Moody, Minimalist Landscape Painting

One Small Painting on a Compositional Journey

While teaching a four-week workshop focusing on composition for the Woodstock School of Art, I began this 12″x12″ painting.

Here is the reference. 

 

 

I almost always eliminate some detail from my reference photos, and  change the location, size, shape and color of elements so much that I am  recreating the image. Much as I am taken with the view that I choose and the moment in time it captures, everything I do pictorially is in service of the overall painting.

Here is my first version.


When I took the above shot I had already moved the white stripe twice, ending in a spot in between the other two tries. As you can see, I eliminated the cars to the right and the center line, which veers so sharply left that is squeezes against the car with the headlights (which is the focus of my painting) and divides the picture plane oddly.

I included the phone pole to the right and a very faint indication of the yield sign on the left.

I had several critiques, at this point, as I got away from the piece for a bit and came back. One was that the upper edge of the mountain too closely follows the top edge of the treeline, creating a shape that is less interesting than it could be and also encourages the eye to roll down and off the side of the picture plane to the right.

A successful composition keeps the eye circulating, starting with a focal point and then allowing it to move around the painting. This is something that is not so much a road map from the outset, but explored each time through a combination of conscious decision-making—where am  I putting these headlights?—and intuitive painting. Then, when something doesn’t look quite right, getting it to where it does is a process of trial and error. 

In terms of color, the blues of the mountain and the off-white of the sky seemed too bright for the time of day that would throw the road into such deep shadow. It is hard to see this in the photograph, but this brightness drew attention away from the headlights.

The below is my next version. I am starting to get an edge at the top of the mountain that is more interesting—not so bumpity-bump. I tried painting in a faint back mountain above and then painted it back out again. I gave a little more height and brightness to the yield sign.

The interaction between the tree line and the top of the mountain still didn’t feel right, and the shape of the shadowy trees going off to the right left me dissatisfied. I had been thinking about lifting the phone poll a bit higher, and decided to do that, as well create a higher shape on the right that alludes more strongly to trees or bushes on the right side of the road.

In what turned out to be my final version, I changed the direction that the highest tree is leaning so that it points toward a flat spot on the ridge line (rather than being an upward bump that presses toward another upward bump) and raised the phone pole—much better!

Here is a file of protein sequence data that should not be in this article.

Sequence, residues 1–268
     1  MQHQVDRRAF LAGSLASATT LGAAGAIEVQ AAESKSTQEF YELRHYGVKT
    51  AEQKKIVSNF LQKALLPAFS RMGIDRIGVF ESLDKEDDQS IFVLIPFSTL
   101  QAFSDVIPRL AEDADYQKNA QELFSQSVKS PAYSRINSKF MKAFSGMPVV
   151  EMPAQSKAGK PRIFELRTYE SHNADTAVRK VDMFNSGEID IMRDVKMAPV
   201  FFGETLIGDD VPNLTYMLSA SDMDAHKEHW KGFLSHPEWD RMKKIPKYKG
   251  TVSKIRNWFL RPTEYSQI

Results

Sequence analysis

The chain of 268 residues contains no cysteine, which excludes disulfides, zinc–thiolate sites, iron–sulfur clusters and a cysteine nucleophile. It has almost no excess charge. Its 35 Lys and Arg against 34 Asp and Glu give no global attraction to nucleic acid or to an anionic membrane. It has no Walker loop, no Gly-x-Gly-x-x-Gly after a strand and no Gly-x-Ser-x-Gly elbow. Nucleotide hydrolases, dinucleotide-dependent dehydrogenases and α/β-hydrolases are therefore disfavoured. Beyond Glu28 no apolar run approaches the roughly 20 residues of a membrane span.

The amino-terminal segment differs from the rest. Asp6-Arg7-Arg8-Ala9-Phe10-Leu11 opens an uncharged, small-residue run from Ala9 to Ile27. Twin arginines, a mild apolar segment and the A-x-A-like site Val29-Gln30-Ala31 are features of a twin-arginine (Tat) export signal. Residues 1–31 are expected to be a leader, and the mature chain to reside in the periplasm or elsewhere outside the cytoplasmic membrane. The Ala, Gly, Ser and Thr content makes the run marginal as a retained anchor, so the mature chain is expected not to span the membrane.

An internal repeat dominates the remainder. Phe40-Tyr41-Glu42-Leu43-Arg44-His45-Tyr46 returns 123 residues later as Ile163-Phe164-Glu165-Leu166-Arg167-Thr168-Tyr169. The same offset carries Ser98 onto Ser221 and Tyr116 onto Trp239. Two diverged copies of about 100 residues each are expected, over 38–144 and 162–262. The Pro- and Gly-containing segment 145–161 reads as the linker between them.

The yield sign went in and out a few more times and then stayed out—-I felt that, much as I liked the shape of it, it fought with the headlights for attention.

The final color is deeper and softer, with the addition of some reds around the headlights that are very subtly echoed in the off-white of the sky.

And last, I changed the curve of the bottom of the bushes as they meet the verge on the right, from a down curve that follows the white line to an up curve as the shape goes off the picture plane. That small adjustment, really kind of an after-thought, was my favorite tweak of all. It created a satisfying shape with the shoulder that funnels the eye back into the painting and toward the headlights.

 

Blue Mountain, 12″x12″

Because of all of the—to me, absolutely essential— changes, this small piece took more time to complete than the 30″x40″ that I did as a demo for the workshop, but which needed very little adjustment once I started painting. It is impossible to know at the beginning of the journey how long or complicated it will be!

The result of this particular journey is a simple painting, quietly moody.

3 responses

  1. Sheila dinaburg-azoff

    Thank you Christie. So helpful to see and hear the detailed changes and why. The process. XoSheila

    October 31, 2020 at 2:31 pm

  2. Bob Carolla

    Beautifully done and written. Instructive even for one’s life: ” A successful composition keeps the eye circulating, starting with a focal point and then allowing it to move around.”

    October 31, 2020 at 3:50 pm

    • It is delightful to see your comment, Bob, thank-you! I am so glad that the discussion has wider implications…we are all so on edge during this home stretch that if I can in any way provide a meaningful diversion, that makes my day!

      October 31, 2020 at 5:53 pm

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